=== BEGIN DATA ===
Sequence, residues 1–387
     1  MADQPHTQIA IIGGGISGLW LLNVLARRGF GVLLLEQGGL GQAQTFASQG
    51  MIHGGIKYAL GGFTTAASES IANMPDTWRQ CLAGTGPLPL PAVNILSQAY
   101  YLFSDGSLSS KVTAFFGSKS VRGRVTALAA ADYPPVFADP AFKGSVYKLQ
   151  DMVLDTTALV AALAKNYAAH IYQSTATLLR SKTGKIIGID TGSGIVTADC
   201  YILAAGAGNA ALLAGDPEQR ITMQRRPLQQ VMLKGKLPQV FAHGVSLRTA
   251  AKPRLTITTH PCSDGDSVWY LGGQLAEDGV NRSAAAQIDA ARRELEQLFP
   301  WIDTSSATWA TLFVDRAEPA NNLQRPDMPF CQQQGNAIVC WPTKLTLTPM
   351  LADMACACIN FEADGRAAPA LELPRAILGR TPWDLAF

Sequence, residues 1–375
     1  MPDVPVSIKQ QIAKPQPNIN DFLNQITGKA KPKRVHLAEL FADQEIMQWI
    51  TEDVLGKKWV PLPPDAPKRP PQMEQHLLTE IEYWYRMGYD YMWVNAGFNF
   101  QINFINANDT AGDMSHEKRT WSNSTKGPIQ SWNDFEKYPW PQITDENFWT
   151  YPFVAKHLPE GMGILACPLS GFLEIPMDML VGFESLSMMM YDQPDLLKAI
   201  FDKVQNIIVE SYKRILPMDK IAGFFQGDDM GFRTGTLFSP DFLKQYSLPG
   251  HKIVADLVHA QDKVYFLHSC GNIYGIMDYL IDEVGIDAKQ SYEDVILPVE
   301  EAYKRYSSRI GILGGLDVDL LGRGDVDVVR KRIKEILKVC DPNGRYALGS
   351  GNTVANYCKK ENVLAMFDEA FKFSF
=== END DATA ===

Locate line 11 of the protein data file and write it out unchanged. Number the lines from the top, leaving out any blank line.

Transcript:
     1  MPDVPVSIKQ QIAKPQPNIN DFLNQITGKA KPKRVHLAEL FADQEIMQWI